Thursday 27 April 2017

Review: Deliver us from evil by David Baldacci

(Macmillan, £12.99)

Evan Waller is a monster who has reinvented himself. A Ukrainian who worked for the Soviets and committed mass murder in the name of the state, he now operates in the guise of a respected Canadian businessman.

But his wealth is built on trafficking young women, he is planning to expand into selling nuclear technology to Muslim extremists and at heart remains a ruthless killer. As he arrives in Provence to holiday, surrounded by his security team, little does he know that two clandestine organisations are tracking him, determined to bring him to justice or eliminate him.

American Bill Shaw wants to haul him before an international court that will catalogue his crimes, while Reggie Campion, an agent for a vigilante group headquartered in a musty old English estate, has lethal ideas of her own as to how Waller will be dealt with. But he is always one step ahead of his enemies, and soon Shaw and Campion are forced to cooperate if they are to survive.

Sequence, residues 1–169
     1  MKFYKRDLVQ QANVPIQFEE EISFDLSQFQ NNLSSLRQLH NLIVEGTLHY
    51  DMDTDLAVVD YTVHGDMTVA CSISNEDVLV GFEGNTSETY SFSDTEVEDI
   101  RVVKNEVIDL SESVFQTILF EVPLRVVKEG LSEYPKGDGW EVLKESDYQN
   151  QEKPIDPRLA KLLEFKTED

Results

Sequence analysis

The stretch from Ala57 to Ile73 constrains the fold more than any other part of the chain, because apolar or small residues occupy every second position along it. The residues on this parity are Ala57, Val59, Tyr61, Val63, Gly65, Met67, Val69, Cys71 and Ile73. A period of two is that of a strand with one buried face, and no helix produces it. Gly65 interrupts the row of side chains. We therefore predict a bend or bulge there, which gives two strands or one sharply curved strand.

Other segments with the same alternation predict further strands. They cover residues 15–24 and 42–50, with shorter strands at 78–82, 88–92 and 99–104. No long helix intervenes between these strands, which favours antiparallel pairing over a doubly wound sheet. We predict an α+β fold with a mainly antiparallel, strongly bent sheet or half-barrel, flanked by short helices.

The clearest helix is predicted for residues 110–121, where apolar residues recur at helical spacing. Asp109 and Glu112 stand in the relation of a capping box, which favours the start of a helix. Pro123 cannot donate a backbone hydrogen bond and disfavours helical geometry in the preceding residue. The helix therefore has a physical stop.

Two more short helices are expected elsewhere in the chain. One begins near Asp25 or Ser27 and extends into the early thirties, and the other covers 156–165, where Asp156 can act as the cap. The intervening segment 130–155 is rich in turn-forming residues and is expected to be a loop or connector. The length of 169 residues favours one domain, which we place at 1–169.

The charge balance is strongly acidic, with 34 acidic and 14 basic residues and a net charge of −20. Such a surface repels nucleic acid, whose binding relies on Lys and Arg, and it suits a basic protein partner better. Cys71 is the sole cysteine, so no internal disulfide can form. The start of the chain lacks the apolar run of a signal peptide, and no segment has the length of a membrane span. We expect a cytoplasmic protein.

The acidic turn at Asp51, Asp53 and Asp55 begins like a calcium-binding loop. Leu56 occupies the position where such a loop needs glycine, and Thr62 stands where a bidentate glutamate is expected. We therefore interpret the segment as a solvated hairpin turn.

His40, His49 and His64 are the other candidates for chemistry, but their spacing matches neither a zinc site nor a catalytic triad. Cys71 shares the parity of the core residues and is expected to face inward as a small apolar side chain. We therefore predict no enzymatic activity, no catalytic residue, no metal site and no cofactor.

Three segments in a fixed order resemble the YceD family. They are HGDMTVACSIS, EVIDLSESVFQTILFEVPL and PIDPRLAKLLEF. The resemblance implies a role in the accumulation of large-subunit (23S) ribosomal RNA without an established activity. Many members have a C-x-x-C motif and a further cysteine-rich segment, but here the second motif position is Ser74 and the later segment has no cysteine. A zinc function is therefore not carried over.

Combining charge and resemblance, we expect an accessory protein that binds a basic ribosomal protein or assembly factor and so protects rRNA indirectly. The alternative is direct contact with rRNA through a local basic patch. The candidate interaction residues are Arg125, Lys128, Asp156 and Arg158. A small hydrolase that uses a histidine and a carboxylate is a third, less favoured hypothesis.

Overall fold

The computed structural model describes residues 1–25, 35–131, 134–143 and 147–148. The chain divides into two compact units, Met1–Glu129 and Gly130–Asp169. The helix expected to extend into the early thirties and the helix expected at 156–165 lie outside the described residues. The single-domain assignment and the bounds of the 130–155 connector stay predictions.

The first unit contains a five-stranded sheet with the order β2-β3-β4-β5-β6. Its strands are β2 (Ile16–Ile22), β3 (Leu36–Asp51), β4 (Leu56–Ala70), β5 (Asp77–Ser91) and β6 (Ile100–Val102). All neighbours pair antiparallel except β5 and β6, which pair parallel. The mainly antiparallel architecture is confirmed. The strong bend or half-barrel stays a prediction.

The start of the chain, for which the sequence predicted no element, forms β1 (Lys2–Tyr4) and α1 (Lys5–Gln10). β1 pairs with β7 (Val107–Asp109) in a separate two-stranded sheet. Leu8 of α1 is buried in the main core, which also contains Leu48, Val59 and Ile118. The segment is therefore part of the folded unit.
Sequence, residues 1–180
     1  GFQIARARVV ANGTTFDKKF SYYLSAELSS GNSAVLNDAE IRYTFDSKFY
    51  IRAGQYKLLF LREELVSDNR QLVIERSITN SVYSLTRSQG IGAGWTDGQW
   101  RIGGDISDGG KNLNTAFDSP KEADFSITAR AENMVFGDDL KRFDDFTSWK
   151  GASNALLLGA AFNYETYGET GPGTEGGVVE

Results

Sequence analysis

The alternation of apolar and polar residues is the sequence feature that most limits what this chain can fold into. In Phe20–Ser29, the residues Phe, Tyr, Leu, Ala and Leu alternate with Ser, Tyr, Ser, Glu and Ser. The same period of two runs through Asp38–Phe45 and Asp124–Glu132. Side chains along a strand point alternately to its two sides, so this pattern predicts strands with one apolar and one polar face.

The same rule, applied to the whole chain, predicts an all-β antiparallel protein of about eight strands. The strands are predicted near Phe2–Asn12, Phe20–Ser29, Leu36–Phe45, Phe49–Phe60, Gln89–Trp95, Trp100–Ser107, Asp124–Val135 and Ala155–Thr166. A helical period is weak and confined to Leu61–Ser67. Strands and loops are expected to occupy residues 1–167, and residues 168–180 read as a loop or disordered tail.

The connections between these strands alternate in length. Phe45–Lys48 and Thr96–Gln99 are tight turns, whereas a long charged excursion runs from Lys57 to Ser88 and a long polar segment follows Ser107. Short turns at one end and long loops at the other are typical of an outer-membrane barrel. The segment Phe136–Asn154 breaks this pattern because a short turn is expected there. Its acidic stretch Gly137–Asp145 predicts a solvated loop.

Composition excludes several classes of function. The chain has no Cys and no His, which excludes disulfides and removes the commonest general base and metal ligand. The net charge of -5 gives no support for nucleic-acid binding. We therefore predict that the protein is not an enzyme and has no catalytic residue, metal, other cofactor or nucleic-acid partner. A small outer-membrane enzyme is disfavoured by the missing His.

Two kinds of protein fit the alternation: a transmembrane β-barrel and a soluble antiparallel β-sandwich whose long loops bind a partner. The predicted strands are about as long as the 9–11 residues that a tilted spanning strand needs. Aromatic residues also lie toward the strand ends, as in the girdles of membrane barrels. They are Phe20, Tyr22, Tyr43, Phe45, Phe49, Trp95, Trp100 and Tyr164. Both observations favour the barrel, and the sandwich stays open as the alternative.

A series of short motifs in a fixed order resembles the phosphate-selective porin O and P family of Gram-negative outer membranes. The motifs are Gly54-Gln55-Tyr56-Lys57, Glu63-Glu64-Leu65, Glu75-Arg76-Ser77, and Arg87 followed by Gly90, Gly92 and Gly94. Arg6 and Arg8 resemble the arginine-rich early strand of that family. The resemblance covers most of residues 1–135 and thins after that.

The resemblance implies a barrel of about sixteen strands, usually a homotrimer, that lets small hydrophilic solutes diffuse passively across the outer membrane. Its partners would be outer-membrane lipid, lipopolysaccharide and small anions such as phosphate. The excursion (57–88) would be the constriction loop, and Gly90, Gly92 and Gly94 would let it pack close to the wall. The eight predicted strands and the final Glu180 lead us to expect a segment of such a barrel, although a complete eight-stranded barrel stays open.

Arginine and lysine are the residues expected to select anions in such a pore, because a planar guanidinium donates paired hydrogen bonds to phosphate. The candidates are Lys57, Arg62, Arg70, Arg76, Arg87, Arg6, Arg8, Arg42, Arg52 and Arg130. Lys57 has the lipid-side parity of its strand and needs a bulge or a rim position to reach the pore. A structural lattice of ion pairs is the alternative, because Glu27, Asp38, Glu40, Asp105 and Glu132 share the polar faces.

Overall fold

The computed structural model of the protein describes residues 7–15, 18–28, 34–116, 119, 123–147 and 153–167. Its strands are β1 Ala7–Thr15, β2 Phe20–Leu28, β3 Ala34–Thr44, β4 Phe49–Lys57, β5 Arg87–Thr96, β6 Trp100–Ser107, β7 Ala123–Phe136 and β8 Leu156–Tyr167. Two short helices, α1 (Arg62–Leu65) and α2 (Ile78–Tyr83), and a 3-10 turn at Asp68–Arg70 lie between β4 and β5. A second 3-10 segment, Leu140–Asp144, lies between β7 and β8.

David Baldacci's colourful adventure novels have a large and loyal fan base, which won't be at all concerned about outrageously contrived plot twists, baddies straight from central casting, and all-action heroes possessing physical skills way beyond most mortals.

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Review: Rupture by Simon Lelic
(Picador 7.99)

On a swelteringly hot summer day, British schoolteacher Samuel Szajkowski walks into assembly, pulls an old pistol from his pocket and kills three pupils and a colleague before turning the gun on himself. The case is assigned to Lucia May, an ambitious young police officer who is expected to wrap things up quickly without stirring thingsup. After all, the man was clearly a psychopath beyond help. But Lucia wants the answer to the question nobody wants asked -- what drove the mild-mannered teacher to commit such a dreadful crime?

This is a real treat, a most unusual detective story told in an unusual manner by a first time author of unusual promise. Rupture lingers in the mind long after the last page is turned.

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